Reproducibility of swallow-induced cortical BOLD positive and negative fMRI activity

Department of Medicine, Medical College of Wisconsin, Milwaukee, USA.
AJP Gastrointestinal and Liver Physiology (Impact Factor: 3.8). 07/2012; 303(5):G600-9. DOI: 10.1152/ajpgi.00167.2012
Source: PubMed


Functional MRI (fMRI) studies have demonstrated that a number of brain regions (cingulate, insula, prefrontal, and sensory/motor cortices) display blood oxygen level-dependent (BOLD) positive activity during swallow. Negative BOLD activations and reproducibility of these activations have not been systematically studied. The aim of our study was to investigate the reproducibility of swallow-related cortical positive and negative BOLD activity across different fMRI sessions. We studied 16 healthy volunteers utilizing an fMRI event-related analysis. Individual analysis using a general linear model was used to remove undesirable signal changes correlated with motion, white matter, and cerebrospinal fluid. The group analysis used a mixed-effects multilevel model to identify active cortical regions. The volume and magnitude of a BOLD signal within each cluster was compared between the two study sessions. All subjects showed significant clustered BOLD activity within the known areas of cortical swallowing network across both sessions. The cross-correlation coefficient of percent fMRI signal change and the number of activated voxels across both positive and negative BOLD networks were similar between the two studies (r ≥ 0.87, P < 0.0001). Swallow-associated negative BOLD activity was comparable to the well-defined "default-mode" network, and positive BOLD activity had noticeable overlap with the previously described "task-positive" network. Swallow activates two parallel cortical networks. These include a positive and a negative BOLD network, respectively, correlated and anticorrelated with swallow stimulus. Group cortical activity maps, as well as extent and amplitude of activity induced by volitional swallowing in the cortical swallowing network, are reproducible between study sessions.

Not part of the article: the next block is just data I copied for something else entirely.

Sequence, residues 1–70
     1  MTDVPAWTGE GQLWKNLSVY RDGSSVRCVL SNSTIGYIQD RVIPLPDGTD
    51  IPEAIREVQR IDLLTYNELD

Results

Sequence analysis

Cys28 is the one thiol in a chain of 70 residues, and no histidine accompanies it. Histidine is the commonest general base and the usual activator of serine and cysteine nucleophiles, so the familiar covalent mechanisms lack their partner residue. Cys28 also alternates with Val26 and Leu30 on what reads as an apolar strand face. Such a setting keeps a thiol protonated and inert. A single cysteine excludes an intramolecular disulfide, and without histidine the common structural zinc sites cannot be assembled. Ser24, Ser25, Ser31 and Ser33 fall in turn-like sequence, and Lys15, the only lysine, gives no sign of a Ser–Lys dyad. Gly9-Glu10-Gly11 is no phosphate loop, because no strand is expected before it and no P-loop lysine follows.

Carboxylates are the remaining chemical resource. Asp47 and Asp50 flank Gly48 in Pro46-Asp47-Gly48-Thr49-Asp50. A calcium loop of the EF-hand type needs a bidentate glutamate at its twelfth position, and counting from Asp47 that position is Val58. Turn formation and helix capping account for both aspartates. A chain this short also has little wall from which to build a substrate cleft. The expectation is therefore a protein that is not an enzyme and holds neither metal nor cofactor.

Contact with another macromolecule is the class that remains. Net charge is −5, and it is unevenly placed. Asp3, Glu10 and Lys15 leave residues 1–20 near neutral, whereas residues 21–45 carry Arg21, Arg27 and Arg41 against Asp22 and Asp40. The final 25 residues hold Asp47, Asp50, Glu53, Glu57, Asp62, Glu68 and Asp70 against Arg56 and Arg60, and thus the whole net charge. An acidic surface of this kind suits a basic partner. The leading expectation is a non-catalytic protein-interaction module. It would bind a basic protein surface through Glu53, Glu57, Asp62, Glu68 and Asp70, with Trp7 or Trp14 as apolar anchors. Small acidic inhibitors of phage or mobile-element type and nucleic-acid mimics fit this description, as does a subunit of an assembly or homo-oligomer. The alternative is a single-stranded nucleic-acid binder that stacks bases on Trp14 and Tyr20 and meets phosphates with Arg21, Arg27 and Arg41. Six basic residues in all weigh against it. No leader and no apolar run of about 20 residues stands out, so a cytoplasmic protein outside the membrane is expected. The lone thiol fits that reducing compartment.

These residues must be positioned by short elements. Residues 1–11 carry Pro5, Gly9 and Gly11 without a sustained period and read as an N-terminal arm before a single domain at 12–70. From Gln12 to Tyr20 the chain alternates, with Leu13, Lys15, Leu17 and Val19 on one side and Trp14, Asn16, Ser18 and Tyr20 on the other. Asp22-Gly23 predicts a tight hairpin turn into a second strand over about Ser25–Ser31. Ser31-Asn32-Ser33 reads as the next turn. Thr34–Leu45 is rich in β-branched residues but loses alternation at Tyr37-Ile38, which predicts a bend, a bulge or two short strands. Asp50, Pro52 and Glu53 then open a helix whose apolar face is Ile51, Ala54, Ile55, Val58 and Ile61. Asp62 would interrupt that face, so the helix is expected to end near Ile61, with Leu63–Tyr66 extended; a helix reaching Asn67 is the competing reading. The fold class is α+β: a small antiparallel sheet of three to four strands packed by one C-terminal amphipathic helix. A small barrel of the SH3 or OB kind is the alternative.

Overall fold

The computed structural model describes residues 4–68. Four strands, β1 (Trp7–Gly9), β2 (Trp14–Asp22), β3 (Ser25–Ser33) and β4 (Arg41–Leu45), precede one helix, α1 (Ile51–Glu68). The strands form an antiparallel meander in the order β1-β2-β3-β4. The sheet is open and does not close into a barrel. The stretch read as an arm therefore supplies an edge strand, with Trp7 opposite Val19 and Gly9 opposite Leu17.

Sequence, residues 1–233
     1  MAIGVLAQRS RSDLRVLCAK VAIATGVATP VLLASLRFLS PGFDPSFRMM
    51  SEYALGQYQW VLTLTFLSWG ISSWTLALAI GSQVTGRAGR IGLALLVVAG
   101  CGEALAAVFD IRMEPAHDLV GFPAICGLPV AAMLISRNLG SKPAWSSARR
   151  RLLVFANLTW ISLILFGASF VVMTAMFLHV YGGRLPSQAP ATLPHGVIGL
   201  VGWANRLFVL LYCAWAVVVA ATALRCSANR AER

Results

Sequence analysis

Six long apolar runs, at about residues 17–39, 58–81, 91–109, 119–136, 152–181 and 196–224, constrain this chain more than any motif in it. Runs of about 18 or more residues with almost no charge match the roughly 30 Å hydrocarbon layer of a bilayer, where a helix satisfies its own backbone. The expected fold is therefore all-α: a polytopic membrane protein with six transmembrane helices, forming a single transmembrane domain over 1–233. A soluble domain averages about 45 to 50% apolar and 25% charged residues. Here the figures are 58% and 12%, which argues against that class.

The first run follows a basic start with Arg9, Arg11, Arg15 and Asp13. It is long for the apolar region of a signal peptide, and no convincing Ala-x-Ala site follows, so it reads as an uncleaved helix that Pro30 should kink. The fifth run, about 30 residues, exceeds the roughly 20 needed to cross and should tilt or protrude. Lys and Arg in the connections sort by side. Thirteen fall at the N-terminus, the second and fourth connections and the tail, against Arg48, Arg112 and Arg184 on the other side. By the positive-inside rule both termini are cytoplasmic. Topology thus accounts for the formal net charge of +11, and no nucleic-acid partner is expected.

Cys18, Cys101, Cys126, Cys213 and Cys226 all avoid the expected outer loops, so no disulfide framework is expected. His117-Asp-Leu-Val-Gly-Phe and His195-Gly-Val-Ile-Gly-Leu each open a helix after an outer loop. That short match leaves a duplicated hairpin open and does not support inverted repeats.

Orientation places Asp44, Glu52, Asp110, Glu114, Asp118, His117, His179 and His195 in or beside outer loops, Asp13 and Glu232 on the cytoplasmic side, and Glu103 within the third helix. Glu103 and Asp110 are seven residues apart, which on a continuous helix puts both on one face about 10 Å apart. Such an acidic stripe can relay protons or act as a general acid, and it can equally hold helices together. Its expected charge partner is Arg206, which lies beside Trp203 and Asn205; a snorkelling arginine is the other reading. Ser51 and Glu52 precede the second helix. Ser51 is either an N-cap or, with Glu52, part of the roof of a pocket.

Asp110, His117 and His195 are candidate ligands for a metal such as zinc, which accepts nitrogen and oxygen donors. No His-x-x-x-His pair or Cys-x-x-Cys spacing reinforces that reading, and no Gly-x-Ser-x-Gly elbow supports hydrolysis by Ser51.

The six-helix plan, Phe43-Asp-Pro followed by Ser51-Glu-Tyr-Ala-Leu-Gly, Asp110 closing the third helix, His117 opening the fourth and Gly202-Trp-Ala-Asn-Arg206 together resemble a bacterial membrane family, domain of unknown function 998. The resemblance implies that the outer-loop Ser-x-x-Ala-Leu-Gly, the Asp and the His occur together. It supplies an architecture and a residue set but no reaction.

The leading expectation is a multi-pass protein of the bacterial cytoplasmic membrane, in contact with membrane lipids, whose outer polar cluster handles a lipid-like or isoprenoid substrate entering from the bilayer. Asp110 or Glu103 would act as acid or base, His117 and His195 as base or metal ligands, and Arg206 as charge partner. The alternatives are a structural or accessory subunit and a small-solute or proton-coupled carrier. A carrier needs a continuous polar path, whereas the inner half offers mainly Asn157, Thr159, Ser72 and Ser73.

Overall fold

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Available from: James Hyde, Nov 16, 2015
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    • "These reductions were significant in several primary somatosensory areas, indicating a decline in neural processing of sensory signals to coordinate the swallowing response. Babaei et al., 2012 26 To investigate the reproducibility of positive and negative cortical activity (BOLD) related to swallowing in different sessions of fMRI in regions of interest previously demonstrated in other studies. 16 right-handed asymptomatic adult individuals aged 20---34 years, of whom nine were women. "
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